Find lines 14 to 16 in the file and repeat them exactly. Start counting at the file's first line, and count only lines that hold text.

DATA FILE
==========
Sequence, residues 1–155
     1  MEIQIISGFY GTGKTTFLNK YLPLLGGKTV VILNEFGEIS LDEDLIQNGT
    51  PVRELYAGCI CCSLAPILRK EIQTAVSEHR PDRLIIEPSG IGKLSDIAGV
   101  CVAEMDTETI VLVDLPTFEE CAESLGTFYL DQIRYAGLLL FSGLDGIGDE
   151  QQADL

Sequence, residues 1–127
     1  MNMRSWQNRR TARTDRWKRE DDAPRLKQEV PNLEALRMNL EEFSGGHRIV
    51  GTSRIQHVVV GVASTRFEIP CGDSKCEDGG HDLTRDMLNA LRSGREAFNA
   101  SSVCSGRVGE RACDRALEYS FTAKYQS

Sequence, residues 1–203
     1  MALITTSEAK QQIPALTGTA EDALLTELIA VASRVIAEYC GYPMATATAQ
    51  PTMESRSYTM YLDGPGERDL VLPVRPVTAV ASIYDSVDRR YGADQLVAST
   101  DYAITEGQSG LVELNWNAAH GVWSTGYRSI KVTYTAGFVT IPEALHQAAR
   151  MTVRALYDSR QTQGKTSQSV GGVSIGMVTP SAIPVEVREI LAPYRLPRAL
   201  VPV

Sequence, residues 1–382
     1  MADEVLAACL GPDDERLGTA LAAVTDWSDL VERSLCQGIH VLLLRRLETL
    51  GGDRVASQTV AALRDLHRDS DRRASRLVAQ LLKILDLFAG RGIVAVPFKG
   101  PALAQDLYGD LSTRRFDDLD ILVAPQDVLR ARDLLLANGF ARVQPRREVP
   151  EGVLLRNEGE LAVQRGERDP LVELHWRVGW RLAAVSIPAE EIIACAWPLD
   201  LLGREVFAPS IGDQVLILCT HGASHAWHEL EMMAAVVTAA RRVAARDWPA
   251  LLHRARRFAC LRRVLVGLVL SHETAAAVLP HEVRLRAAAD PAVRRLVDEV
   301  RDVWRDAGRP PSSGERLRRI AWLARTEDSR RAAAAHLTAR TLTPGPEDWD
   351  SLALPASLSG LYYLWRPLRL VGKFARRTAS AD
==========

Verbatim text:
   151  MTVRALYDSR QTQGKTSQSV GGVSIGMVTP SAIPVEVREI LAPYRLPRAL
   201  VPV

Sequence, residues 1–382